Director/Screenwriter: Gaël Morel/Hanna Antonina Wojcik Slak
By Marilyn Ferdinand
One of the downsides of living in a modern society is loneliness. The primacy of the nuclear family in Western societies almost guarantees that when children mature and start their own lives, their parents will have fewer opportunities for contact with anyone. Catch the Wind brings the loneliness of its central character, 45-year-old widow Edith Clarvel (Sandrine Bonnaire), into sharp focus as she is faced with the possibility of becoming unemployed.
Edith’s employer, a textile manufacturer, decides to close its union factory in France. Workers are offered a generous severance package or the opportunity to work in the company’s factory in Morocco. To everyone’s surprise, Edith decides to move to Tangiers. In modern parlance, Edith is reinventing herself, taking the chance to “catch the wind,” as she tells a friend. In truth, she is terrified of facing every day alone, with no coworkers to take up the space where friends and her estranged son should be.
The screenplay is a predictable affair, with the hardships expatriots often face. Edith speaks no Arabic, gets mugged, runs afoul of the underground economy and the pecking order that rules her nonunion sweatshop of a workplace, and does not understand the restrictions that Islam imposes on women or the pushback that the liberalized government in Morocco has made on those restrictions.
But Bonnaire, in a part written especially for her, grounds every moment of the film with her character’s sadness and good intentions. Ably supported by an exuberant Mouna Fettou as Mina, the owner of the Tangiers boarding house where Edith lives, Kamal El Amri as Mina’s nearly grown son Ali, and the deft eyes of director Gaël Morel and cinematographer David Chambille in creating a complex mise-en-scène that reveals the depth of Moroccan life as well as the shallowness of French society, Bonnaire proves once again why she’s one of the best actresses on the planet.
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While watching the Slovenian film The Miner, my mind kept pulling me back to a 2008 film from Bosnia-Herzegovina called Snow, in which the mystery surrounding the missing Muslim men from a small town in Bosnia obsesses the women left behind. The violent break-up of Yugoslavia, of which Slovenia was a part, continues to haunt the region, as The Miner-Slovenia’s official selection for the 2018 Academy Awards-makes clear.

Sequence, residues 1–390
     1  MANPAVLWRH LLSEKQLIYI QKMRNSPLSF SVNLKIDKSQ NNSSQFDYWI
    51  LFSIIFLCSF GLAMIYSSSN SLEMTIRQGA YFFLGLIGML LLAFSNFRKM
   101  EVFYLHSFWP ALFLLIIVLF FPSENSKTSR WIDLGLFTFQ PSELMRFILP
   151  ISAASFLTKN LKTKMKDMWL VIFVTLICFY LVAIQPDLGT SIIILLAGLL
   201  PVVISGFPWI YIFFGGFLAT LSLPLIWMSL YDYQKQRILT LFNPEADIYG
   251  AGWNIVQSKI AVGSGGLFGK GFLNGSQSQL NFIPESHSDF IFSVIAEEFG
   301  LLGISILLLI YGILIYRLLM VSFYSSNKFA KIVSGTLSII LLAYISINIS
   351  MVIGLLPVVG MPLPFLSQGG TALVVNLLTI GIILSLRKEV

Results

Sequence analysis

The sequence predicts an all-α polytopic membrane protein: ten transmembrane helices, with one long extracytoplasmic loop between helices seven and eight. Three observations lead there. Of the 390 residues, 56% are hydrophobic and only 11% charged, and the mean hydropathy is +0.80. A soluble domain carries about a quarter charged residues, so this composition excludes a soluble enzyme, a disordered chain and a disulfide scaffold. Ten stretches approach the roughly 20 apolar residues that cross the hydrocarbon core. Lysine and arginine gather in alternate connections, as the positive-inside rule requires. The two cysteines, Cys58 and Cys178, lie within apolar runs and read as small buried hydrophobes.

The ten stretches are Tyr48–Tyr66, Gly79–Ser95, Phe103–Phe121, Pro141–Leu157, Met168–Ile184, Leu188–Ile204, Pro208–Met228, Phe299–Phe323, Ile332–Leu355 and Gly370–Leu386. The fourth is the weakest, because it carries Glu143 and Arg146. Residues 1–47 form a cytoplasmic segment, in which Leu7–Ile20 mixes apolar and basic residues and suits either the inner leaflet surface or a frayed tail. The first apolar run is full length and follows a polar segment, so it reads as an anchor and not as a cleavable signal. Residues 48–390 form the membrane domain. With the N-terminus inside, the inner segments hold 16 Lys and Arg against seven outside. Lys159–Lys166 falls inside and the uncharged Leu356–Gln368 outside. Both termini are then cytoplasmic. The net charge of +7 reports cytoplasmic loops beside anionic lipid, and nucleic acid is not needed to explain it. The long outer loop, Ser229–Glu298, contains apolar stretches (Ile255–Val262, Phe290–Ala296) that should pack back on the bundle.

The film, based on true events, centers on a Bosnian miner named Alija Basic (Leon Lucev) who left his home country as a child to escape the Bosnian War. He has lived in Slovenia with his family for more than 30 years, and the move to capitalism has brought with it the economic uncertainties and workplace abuses well known in advanced capitalist nations. The mine he works in is being sold, and all the miners fear for their jobs. When he is assigned to inspect a closed-off part of the mine, a job beneath his skill and seniority, with only a student (Nikolaj Burger) to assist him, he reluctantly does as he’s told. When he finds evidence of a World War II-era atrocity in the mine, the pain of his past forces him irresistibly to uncover the whole truth.
Director Hanna Slak works her magic by concentrating her camera closely on Alija. We can practically see his thought processes as his mounting anxiety and sun-tinged memories of the beloved sister he lost to the war lead him to identify with the victims left to rot behind a wall of cement. Slak uses the physicality of his work to emphasize the hardship of his life and the immediacy of his response to his discovery, and her haunting shots inside the mine might as well be boring into the souls of people working hard to maintain their forgetfulness. As in Snow, the film’s emphasis on acknowledging the victims and offering them a proper burial highlights the need for truth and reconciliation in war-torn regions of the world. Erasure is for the immoral and amoral, and Slak and her talented ensemble do what they can to ensure that human life and memory are honored.
Catch the Wind screens Wednesday, March 14 at 8:15 p.m. The Miner screens Friday, March 30 at 6 p.m. and Monday, April 2 at 8 p.m. Both films show at the Gene Siskel Film Center, 164 N. State St.
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